One of the longest established PTR-MS applications is once again producing fascinating results: Alexia Gloess and her team have just published a PTR-TOF study on coffee roasting that is currently the most downloaded article in IJMS.
It is not surprising that aroma analysis is among the prime applications of PTR-MS. The high sensitivity and real-time capability make PTR-MS an ideal tool for direct VOC quantification. Especially coffee with its rich flavour spectrum has always been in the focus of researchers. It is likely due to this complexity, that this subject is far from exhausted and consistently releases new results.
A team from the Zurich University of Applied Sciences has recently published a study where they have studied coffee samples from different origins – roasted to different degrees and along varying time/temperature roasting profiles. Roasting is the crucial step towards a good cup of coffee, in which the flavour compounds are formed in chemical reactions (Millard reaction), degradation and thermal decomposition processes. The team around Alexia Gloess and Chahan Yeretzian has used proton-transfer-reaction time-of-flight mass-spectrometry, an IONICON PTR-TOF 8000 instrument, to monitor the formation of volatile organic compounds (VOCs) during roasting. The capability to measure on-line gives valuable insights into the dynamic of the VOC production. They have seen that the release dynamics showed a strong modulation with the roasting profile. More surprisingly, this effect varies for coffee samples from different origins. This demonstrates that coffee is a unique product, its flavour equally depending on its origin and the roasting process.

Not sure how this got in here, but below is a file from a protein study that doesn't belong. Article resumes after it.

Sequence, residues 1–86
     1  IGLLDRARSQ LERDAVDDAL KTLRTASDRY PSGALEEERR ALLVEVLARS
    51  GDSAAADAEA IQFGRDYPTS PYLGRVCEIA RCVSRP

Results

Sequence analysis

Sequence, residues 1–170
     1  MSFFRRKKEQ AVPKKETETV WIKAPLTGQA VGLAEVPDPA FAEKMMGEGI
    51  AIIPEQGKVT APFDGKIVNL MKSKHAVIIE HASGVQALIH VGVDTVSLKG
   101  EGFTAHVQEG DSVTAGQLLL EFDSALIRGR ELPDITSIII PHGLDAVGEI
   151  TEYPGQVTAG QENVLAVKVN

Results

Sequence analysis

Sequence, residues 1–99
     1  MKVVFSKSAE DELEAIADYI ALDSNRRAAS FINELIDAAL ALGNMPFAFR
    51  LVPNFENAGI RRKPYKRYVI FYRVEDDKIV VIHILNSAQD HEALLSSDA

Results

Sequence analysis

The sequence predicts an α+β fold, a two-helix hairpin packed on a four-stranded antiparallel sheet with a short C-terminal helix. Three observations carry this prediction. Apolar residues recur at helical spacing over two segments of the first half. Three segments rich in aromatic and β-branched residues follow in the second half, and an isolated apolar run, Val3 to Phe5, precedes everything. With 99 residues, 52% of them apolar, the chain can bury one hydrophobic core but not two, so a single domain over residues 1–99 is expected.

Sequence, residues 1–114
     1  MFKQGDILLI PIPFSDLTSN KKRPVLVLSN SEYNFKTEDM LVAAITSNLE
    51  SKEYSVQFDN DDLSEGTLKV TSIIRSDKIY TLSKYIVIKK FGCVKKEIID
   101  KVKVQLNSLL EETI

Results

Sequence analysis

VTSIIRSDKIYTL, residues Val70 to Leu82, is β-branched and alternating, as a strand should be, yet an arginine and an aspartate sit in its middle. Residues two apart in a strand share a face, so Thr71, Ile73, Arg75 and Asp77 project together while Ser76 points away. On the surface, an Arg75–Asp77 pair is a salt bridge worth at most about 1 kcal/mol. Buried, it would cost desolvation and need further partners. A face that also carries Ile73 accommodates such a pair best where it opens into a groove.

Their findings have now been published in the International Journal of Mass Spectrometry (IJMS) in the article “Evidence of different flavour formation dynamics by roasting coffee from different origins: On-line analysis with PTR-ToF-MS” (download PDF). This article is currently on first [date 17.2.20] place on Most Downloaded IJMS Articles.